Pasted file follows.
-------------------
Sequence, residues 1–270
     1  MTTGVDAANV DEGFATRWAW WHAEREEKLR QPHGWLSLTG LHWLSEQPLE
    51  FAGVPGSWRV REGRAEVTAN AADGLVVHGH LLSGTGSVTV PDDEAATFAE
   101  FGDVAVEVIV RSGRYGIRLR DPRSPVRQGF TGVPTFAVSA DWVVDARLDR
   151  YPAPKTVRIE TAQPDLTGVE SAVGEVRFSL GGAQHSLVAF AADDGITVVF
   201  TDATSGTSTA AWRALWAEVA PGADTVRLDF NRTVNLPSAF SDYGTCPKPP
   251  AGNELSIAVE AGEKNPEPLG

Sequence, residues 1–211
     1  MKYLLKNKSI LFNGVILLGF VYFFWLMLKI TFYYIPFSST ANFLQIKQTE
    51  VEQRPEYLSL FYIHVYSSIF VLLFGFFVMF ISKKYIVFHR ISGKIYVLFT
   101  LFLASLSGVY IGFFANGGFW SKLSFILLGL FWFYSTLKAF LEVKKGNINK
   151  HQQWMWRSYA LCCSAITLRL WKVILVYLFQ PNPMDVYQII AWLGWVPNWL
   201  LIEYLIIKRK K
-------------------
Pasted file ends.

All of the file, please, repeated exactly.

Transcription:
Sequence, residues 1–270
     1  MTTGVDAANV DEGFATRWAW WHAEREEKLR QPHGWLSLTG LHWLSEQPLE
    51  FAGVPGSWRV REGRAEVTAN AADGLVVHGH LLSGTGSVTV PDDEAATFAE
   101  FGDVAVEVIV RSGRYGIRLR DPRSPVRQGF TGVPTFAVSA DWVVDARLDR
   151  YPAPKTVRIE TAQPDLTGVE SAVGEVRFSL GGAQHSLVAF AADDGITVVF
   201  TDATSGTSTA AWRALWAEVA PGADTVRLDF NRTVNLPSAF SDYGTCPKPP
   251  AGNELSIAVE AGEKNPEPLG

Sequence, residues 1–211
     1  MKYLLKNKSI LFNGVILLGF VYFFWLMLKI TFYYIPFSST ANFLQIKQTE
    51  VEQRPEYLSL FYIHVYSSIF VLLFGFFVMF ISKKYIVFHR ISGKIYVLFT
   101  LFLASLSGVY IGFFANGGFW SKLSFILLGL FWFYSTLKAF LEVKKGNINK
   151  HQQWMWRSYA LCCSAITLRL WKVILVYLFQ PNPMDVYQII AWLGWVPNWL
   201  LIEYLIIKRK K